Hyper-grace…exposing the danger of modern grace message
Author: Michael L. Brown PhD
Reviewer: Gbenga Osinaike
Publisher: West Africa Theological Seminary
The book, Hyper-Grace: Exposing the dangers of modern grace message by Michael Brown, is perhaps one of the most profound Christian books in recent time.
Brown not only corrects a perceived mishandling of the grace message; but also carries out the assignment clinically and convincingly.
He engages the extreme grace teachers in a way that brooks no offence. Rather than being combative, he presents the work in a teacher-student and student-teacher way.
He tells you from the onset that he has gained a lot from grace teachers despite disagreeing with some of their excesses. He then gives reasons why some of their extreme positions are harmful to faith.
The beauty of the book however lies more with Brown’s credentials. He is a Jew. He speaks Hebrew so he understands the original language of the Bible. He has experienced grace first hand being a former drug addict. He is well-read and shows a great degree of scholarship in his presentation.
He understands the issues he is interrogating while also picking the tiny dots in the hyper-grace teachings.
From chapters 1 to 15 where he concludes with the topic, the finished work of the cross there is nowhere he comes across as being arrogant.
Grace message is liberating
Chapter 1 gives practical instances why the grace message should be embraced. The author’s first experience of grace was on December 17, 1972. Then, the revelation of the love of God flooded his heart.
He became free from that moment. ‘No more heroin. No more weed. No more hallucinogenic drugs. Jesus truly delivered me,’ He writes.
Before that glorious experience, he had battled with drugs. He explains in the book however that he never for once doubted the love of God.
He attests that the grace message has liberated so many people from guilt adding that under no condition should the mercy of God be denigrated.
He writes, ‘God forbids that any of us would ever act against grace because others may teach about it in an exaggerated, distorted or erroneous way. On the contrary, it is jealousy for God’s grace that moves me to write this book.’
Indeed, one could feel his passion throughout the 284-page dissertation which exposes the innocuous lies in the celebrated teachings of some well-known grace teachers.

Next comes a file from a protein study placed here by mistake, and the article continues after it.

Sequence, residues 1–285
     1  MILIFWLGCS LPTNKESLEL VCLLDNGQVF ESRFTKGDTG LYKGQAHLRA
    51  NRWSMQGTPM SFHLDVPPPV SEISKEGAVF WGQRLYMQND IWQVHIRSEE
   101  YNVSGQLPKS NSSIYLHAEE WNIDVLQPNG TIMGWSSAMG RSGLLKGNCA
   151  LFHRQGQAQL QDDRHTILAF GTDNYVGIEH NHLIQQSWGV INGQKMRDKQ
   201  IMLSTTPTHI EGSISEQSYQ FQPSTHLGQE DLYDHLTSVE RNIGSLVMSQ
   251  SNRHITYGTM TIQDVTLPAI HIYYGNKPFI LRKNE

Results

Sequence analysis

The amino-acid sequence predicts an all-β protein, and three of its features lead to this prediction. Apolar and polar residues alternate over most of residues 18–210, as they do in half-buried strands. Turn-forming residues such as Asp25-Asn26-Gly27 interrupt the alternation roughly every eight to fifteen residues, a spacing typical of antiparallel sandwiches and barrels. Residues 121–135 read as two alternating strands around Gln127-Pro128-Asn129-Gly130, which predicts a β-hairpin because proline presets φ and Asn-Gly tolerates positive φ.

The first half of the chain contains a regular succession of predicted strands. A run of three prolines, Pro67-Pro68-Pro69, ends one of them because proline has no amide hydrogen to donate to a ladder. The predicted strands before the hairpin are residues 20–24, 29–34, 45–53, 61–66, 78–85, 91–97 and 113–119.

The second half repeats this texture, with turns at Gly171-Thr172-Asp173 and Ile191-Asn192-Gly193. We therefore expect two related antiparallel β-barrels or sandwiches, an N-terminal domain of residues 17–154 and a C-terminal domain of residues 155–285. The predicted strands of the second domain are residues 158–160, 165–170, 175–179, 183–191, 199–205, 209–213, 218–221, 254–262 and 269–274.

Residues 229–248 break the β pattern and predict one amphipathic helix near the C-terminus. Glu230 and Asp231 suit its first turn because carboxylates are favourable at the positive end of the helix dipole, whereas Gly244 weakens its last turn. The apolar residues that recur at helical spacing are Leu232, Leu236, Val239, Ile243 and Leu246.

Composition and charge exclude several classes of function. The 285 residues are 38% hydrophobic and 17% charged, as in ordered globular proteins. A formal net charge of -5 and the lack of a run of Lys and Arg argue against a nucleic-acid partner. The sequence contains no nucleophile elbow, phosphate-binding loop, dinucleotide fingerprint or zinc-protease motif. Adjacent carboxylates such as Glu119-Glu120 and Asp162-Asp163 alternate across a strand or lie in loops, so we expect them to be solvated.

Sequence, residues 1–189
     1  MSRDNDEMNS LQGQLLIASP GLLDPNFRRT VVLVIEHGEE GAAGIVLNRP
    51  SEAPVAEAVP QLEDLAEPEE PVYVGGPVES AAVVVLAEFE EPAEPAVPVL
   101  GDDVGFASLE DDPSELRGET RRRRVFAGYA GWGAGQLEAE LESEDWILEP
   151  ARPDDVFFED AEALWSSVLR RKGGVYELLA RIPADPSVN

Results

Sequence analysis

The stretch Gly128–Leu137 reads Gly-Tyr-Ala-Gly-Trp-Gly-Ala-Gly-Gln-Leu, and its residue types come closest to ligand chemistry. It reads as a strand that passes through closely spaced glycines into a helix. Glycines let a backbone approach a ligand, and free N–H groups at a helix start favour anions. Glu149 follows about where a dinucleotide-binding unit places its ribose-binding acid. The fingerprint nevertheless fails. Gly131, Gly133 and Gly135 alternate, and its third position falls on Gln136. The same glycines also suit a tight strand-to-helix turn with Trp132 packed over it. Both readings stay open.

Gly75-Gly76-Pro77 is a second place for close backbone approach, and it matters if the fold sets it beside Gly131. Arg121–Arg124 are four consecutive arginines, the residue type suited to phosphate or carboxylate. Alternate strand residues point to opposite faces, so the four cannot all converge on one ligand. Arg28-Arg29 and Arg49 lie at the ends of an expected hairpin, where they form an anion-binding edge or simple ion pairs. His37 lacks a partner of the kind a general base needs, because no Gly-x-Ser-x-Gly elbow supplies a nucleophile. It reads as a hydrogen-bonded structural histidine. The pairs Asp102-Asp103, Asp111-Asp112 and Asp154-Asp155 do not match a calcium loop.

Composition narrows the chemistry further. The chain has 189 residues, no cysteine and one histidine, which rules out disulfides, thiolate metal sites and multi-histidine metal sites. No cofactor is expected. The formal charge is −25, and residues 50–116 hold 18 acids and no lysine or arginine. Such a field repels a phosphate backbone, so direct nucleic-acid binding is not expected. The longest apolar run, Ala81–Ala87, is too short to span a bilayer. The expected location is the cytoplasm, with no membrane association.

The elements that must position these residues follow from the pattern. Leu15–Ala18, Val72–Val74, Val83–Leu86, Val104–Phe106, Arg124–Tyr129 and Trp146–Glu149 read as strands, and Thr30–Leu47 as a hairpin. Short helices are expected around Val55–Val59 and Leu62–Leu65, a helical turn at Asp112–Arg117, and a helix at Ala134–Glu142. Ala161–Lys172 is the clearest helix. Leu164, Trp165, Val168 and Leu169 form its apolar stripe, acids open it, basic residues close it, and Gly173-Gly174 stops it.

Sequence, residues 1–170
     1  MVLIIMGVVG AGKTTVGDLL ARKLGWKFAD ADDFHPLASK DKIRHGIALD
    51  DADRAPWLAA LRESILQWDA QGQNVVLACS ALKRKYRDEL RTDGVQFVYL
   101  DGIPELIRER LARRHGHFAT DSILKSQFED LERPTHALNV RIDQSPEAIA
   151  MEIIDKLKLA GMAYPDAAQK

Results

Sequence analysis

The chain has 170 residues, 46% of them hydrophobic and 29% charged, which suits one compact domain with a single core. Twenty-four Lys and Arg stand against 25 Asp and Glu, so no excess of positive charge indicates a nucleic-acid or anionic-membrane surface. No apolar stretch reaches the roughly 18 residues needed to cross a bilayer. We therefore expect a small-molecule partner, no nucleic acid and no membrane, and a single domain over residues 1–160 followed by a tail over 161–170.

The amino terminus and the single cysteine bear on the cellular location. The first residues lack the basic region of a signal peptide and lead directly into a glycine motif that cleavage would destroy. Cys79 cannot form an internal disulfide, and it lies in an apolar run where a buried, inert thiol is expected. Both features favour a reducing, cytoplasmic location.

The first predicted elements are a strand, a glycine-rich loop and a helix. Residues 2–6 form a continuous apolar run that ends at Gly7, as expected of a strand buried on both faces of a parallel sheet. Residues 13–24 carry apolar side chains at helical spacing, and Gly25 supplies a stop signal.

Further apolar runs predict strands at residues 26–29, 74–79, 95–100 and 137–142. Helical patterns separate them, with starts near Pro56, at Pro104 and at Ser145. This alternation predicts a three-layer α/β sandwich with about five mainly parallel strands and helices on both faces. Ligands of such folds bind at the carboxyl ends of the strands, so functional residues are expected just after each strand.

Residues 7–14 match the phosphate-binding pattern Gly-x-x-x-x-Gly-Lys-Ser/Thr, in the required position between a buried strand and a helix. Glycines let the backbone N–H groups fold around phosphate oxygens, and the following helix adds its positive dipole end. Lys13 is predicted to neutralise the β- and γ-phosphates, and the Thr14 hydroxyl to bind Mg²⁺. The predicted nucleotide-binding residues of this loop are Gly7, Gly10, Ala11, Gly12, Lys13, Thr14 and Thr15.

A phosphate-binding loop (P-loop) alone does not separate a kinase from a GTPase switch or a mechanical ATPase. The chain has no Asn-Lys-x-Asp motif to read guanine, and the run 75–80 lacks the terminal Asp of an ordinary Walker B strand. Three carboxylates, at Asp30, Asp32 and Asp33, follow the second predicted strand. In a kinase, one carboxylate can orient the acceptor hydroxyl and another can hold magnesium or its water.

Is modern grace message new?
Is there a new grace reformation? That is the second chapter of the book. Here Brown interrogates the view about the newness of the grace teachings which seem to have caught up with many believers.
He presents some of the issues and deals with them clinically wondering at the way some lethal errors have crept into the church.
He contends there is a need to make a balance between grace and legalism. Some according to him, have been liberated by the grace message while some have dipped further into sin because of it.
In chapter three, he wonders why there are so much name-calling and divisiveness in the name of grace by these teachers. He gives instances of judgmental comments by grace teachers and how they present their views with so much finality and arrogance.
The author who holds a PhD in Near Eastern Languages and Literature goes on in chapter 4 to x-ray all the excessive teachings on grace. One of them is that all our future sins have been forgiven.
Sharing a personal experience he writes, ‘I remember clearly the spiritual battle I was fighting, first, to believe that Jesus died for my sins-Afterall as a Jew I was raised without any faith in Jesus at all.
“And once I believed he is the saviour, the battle was to turn from my sins….but when God’s conviction won the day I asked the Lord to forgive me and I surrendered my life to him…in a moment I was clean.’
He notes that he could never have contemplated a future sin when he had the salvation experience. Quoting from Bible portions he explains that nowhere does the Bible talk about future sins. He added however that at conversion God already put us in the righteous column. Referring to the Lord’s Prayer he writes that Jesus would not have talked about forgiveness on an ongoing basis if our future sins have been settled.